Riv­et­ing “Dunkirk” is Nolan’s, and year’s, best

The Denver Post - - LIFE & CULTURE - By Lind­sey Bahr Melinda Sue Gor­don, Warner Bros. Pic­tures

“Dunkirk “is not a typ­i­cal war movie. There are no broth­ers in arms, no flash­backs to sim­pler times and pretty wives and girl­friends left be­hind, no old men in sit­u­a­tion rooms pon­tif­i­cat­ing about pol­i­tics or help­ing with ex­po­si­tion. There’s no talk of Hitler, or Ger­mans or bat­tle­fields or trauma or moth­ers. In fact, there’s hardly any talk at all, or, for that mat­ter, even any char­ac­ters in the tra­di­tional sense.

But don’t be mis­taken: Christo­pher Nolan’s “Dunkirk” is a stone cold mas­ter­piece.

It’s a stun­ningly immersive sur­vival film told in 106 thrillingly re­al­ized min­utes. Nolan puts the viewer right in the ac­tion whether it’s on the beach with 400,000 men queued up and wait­ing for a res­cue that may never come, on the wa­ters of the English Chan­nel in the lit­tle civil­ian ship headed into hos­tile wa­ters with only an ag­ing man and two teenage boys aboard, or in the air above in the two lone Spit­fires that are quickly run­ning out of fuel.

I’ve never ex­pe­ri­enced any­thing quite like “Dunkirk’s” in­tox­i­cat­ing im­me­di­acy. The screen and im­ages en­ve­lope you with ur­gency, dread and mo­ments of breath­tak­ing beauty and grace as you wait with the sol­diers, as the ti­tle card at the be­gin­ning says, for de­liv­er­ance.

The story be­gins on the ground, with a young sol­dier, Tommy (new­comer Fionn White­head) wan­der­ing the de­serted streets of Dunkirk look­ing for wa­ter and a place to re­lieve him­self. Pro­pa­ganda fly­ers float down to the ground re­mind­ing the sol­diers of some­thing they’re al­ready well aware of — that they’re sur­rounded. “Sur­ren­der + Sur­vive!” the fly­ers read as Hans Zim­mer’s gen­tly omi­nous score plays in the back­ground telling us that while it may be calm for a mo­ment, it is not safe. A

deaf­en­ing gun­shot breaks the si­lence, and, fair warn­ing, your rac­ing heart will not stop for quite some time.

Nolan fol­lows Tommy back to the beach where sol­diers stand in long lines that stretch to the wa­ter, where no boats ap­proach. His part is nearly silent, his mo­ti­va­tions un­known. They are all haunted shells, stripped of mean­ing­ful weapons and a mil­i­tary pur­pose. He and the rest just know they need to get off the beach at any cost.

We ac­com­pany Tommy as he tries to achieve that ob­jec­tive which eludes him with al­most comic fre­quency. He’s the un­luck­i­est lucky fel­low out there.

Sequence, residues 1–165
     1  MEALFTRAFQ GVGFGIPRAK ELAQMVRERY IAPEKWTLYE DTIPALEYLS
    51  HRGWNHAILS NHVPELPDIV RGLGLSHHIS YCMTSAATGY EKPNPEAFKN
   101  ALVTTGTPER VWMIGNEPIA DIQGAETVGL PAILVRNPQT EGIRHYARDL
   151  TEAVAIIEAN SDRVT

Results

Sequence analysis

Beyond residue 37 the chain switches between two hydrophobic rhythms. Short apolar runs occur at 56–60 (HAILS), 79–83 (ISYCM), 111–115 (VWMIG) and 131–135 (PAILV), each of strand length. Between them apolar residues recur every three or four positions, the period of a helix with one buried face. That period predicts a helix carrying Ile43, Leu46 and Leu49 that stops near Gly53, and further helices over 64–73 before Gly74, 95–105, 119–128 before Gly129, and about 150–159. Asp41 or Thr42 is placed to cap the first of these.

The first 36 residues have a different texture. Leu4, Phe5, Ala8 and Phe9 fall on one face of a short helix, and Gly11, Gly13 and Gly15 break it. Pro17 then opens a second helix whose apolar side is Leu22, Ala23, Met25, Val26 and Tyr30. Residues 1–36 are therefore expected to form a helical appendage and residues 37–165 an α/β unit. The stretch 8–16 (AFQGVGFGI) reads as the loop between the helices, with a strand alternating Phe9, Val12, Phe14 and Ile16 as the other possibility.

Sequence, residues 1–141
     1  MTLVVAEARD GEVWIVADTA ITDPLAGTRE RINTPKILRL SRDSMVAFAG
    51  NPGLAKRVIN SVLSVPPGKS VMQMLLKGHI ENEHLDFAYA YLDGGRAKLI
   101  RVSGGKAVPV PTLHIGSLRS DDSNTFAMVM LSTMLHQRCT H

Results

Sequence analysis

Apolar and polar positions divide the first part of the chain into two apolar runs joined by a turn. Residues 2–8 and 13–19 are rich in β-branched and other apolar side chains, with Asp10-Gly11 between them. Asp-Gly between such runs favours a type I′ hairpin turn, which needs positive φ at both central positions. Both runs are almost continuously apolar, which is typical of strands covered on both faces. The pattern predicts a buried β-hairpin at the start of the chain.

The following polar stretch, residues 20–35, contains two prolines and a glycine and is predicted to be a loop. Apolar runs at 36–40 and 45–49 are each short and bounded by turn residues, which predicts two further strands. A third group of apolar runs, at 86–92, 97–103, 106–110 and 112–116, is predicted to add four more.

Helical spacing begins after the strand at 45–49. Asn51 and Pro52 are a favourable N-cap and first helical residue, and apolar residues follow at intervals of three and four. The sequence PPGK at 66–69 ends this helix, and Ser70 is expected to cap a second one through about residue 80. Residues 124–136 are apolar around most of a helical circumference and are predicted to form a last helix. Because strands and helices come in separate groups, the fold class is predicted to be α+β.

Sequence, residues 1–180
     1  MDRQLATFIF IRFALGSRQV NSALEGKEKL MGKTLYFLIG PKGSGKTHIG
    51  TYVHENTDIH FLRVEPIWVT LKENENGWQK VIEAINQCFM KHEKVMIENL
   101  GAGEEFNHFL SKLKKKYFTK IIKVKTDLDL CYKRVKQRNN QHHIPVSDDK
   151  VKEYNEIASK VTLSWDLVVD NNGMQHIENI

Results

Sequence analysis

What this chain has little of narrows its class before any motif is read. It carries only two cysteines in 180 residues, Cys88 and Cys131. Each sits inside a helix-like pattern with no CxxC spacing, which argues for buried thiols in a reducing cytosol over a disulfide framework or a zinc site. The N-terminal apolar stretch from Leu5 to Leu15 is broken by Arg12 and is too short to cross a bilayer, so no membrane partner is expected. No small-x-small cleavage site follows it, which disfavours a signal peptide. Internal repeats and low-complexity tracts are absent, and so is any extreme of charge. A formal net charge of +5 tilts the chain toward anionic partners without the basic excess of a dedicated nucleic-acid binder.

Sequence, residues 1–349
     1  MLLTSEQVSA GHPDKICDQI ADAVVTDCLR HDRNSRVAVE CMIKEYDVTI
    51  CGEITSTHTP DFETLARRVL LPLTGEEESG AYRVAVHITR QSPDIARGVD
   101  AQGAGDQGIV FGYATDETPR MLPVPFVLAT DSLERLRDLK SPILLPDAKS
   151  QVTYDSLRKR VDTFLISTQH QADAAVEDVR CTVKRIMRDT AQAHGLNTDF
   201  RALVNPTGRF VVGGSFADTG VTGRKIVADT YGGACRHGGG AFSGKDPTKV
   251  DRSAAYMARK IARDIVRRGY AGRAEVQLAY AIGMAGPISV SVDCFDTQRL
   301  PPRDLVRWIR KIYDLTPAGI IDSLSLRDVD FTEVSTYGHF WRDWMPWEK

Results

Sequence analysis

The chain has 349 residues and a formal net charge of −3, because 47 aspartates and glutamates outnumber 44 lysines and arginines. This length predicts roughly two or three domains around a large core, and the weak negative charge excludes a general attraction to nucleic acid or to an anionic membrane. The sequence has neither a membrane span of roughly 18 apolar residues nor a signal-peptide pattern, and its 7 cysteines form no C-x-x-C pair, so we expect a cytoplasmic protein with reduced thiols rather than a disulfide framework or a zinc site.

Oc­ca­sion­ally we get the sober­ing per­spec­tive of the higher ups, com­pli­ments of the great Ken­neth Branagh as Com­man­der Bolton.

In the air there are the two Spit­fire pi­lots, Far­rier (played by Tom Hardy, whose face is once again largely ob­scured but who can act cir­cles around many of his con­tem­po­raries even with just the use of his eyes and eye­brows) and Collins (Jack Low­den). They get to be the lofty, clas­si­cal he­roes of war films past as they shoot down the en­emy. Hardly has a film ever made you feel as in the mo­ment as this.

And on the sea, the three civil­ians, Mr. Daw­son (Mark Ry­lance), Peter (Tom Glynn-Car­ney) and Ge­orge (Barry Keoghan) who, like so many dur­ing the Dunkirk evac­u­a­tion, took it upon them­selves to cap­tain their own small ves­sel and jour­ney into war dressed in their seaside knits and armed only with life­jack­ets and blan­kets to help save their coun­try’s stranded men. They’re the beat­ing heart of film, es­pe­cially when pit­ted against a shell shocked sol­dier (Cil­lian Mur­phy) who is de­ter­mined to stop them from go­ing back to Dunkirk.

These nar­ra­tives in­ter­twine and loop back and re­peat from dif­fer­ent van­tage points with stun­ning ef­fec­tive­ness — never seem­ing re­dun­dant or dull. Nolan finds sus­pense at ev­ery an­gle, and ramps up the ten­sion with the help of Zim­mer’s tick­ing score. While, there might not be char­ac­ter arcs to speak of, the per­for­mances are first-rate none­the­less (even pop star Harry Styles, who might just have an­other vi­able ca­reer op­tion).

Nolan con­tin­ues to be un­par­al­leled in Hol­ly­wood — work­ing on a scope that few are able to. As many film­mak­ers ex­per­i­ment with the small screen, Nolan has only gone big­ger and bolder with his com­mit­ment to film and IMAX. What a case “Dunkirk” is for the movie theater. Not only that, “Dunkirk” is far and away the best film of the year, and Nolan’s finest too.

See it big and then see it again.

Fionn White­head in “Dunkirk.”

Tom Glynn-Car­ney, left, and Cil­lian Mur­phy in “Dunkirk.”

Newspapers in English

Newspapers from USA

© PressReader. All rights reserved.